A short description of the accommodation is in order at this point.Billet InteriorWooden huts were used at most of the larger camps to accommodate the lower ranks of the RAF in those days, and the design dated from several decades earlier. They must have been about eighteen feet wide by over seventy long to have taken the eleven beds down each long wall, each bed having with it a small locker and a tall locker. The central space between the two opposing ranks of beds was provided with two tables, each of these having four wooden chairs. The huts were also equipped in the central area with two tall black solid fuel stoves, each on a stone hearth and there were attendant fireirons and buckets to hold the coke. Two long green painted racks were provided to hold rifles. A door at the far end led to the quarry tiled ablutions area, each serving four huts, this consisting of about twenty wash basins in two lines, and booths for a fewer number of lavatories. There were no baths or showers, these being found in a separate nearby building. A central spinal corridor connected to another ablution area and thus all the huts were linked in a system consisting of perhaps eight or ten. Each hut was provided with several large windows with curtains along each side of its length. There was an entrance hall end of the hut and off this were two small rooms which could be used to accommodate NCOs, but fortunately for us, in our hut one served as the Flight Office and the other as a store room. The flooring throughout consisted of highly polished brown linoleum, and each bedspace was provided with a thin mat. Always to hand were small squares of old blanket and everybody was required to skate around on these to help preserve the polished surface of the lino : everybody that is except our Drill Instructors and officers.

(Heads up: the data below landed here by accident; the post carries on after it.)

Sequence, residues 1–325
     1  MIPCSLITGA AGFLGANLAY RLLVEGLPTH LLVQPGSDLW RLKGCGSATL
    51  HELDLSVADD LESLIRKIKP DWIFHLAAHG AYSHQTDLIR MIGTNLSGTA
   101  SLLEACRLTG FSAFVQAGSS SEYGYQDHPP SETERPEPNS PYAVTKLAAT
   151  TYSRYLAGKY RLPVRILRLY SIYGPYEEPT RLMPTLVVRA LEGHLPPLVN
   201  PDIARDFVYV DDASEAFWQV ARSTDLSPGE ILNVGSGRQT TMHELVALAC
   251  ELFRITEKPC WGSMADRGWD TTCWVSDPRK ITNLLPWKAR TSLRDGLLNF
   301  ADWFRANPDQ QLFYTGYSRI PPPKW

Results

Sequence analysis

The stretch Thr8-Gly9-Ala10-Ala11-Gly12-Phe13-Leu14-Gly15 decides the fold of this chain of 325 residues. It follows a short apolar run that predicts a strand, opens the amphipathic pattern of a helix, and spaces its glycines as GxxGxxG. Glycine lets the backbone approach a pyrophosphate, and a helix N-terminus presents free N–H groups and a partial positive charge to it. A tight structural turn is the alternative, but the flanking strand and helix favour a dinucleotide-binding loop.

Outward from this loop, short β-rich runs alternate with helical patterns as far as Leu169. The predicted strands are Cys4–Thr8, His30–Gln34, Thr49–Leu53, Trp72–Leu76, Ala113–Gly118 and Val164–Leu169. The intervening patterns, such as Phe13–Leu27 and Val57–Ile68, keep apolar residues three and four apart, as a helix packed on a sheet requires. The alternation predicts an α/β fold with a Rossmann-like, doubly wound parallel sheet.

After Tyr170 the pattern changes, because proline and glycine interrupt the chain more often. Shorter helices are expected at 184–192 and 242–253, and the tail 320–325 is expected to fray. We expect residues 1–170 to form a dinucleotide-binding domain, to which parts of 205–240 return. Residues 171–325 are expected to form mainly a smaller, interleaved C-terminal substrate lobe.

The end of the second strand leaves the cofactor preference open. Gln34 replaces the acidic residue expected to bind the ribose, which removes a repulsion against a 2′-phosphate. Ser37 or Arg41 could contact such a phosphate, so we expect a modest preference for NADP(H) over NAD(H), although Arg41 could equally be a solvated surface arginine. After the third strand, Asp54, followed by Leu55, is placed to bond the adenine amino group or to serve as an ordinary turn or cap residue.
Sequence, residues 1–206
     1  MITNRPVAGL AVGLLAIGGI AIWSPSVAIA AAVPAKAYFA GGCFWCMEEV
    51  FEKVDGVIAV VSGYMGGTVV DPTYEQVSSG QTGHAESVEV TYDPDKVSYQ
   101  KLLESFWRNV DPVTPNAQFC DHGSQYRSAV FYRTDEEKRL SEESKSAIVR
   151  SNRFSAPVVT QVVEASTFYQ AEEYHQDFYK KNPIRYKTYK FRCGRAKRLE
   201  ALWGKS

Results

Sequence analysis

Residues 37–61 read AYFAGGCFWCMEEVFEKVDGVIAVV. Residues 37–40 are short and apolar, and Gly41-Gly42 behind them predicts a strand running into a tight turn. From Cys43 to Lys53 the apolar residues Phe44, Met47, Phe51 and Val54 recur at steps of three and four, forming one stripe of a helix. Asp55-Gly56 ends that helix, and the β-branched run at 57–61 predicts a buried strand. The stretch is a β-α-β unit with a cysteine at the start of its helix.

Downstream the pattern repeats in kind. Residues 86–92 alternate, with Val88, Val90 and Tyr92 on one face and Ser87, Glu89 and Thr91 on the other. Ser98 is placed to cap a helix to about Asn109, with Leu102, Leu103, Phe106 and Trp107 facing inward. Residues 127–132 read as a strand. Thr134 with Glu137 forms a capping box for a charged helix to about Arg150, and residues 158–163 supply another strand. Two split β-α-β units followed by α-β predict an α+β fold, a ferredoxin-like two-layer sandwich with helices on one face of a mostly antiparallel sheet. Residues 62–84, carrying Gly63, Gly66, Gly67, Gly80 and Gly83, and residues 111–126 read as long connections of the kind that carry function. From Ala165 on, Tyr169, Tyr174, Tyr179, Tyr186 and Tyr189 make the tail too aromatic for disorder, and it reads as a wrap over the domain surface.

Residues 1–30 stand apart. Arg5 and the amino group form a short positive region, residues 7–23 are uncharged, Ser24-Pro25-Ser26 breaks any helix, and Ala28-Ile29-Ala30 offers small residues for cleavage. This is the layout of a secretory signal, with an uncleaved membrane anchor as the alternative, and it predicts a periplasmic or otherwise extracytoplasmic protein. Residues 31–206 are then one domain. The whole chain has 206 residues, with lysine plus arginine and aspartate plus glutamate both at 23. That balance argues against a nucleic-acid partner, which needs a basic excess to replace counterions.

It happened that I had picked the second bed along, so introduced myself to my rather podgy neighbour, the Senior Man, one Nigel Coombes. He was several years older having completed an architect's training and he seemed to be pretty much of the Public School type. The Deputy Senior man, was Stanley, a tough looking weather beaten type from the Falkland Islands, joining the RAF for five years to become an Engine Fitter, the training for which he felt would provide him with lucrative and steady work back at home when his service was completed. In the bed opposite to mine was Colin, a slightly built youth and a heavy smoker. It seemed that he had been employed in his family's confectionery business in Chingford. In the other bed next to mine was a dark young chap who had been a bank clerk and was from Liverpool, for the sake of this account he is to be Graham. He was only about twenty miles from his home across the nearby river Mersey. Only two others of the Oxford bunch were still with me, Fox from Little Wittenham, and a quiet chap with a Berkshire accent from Letcombe Regis who had been a Gamekeeper. Further down the hut there was a West Indian and a Pakistani, so in all we were a very mixed bunch.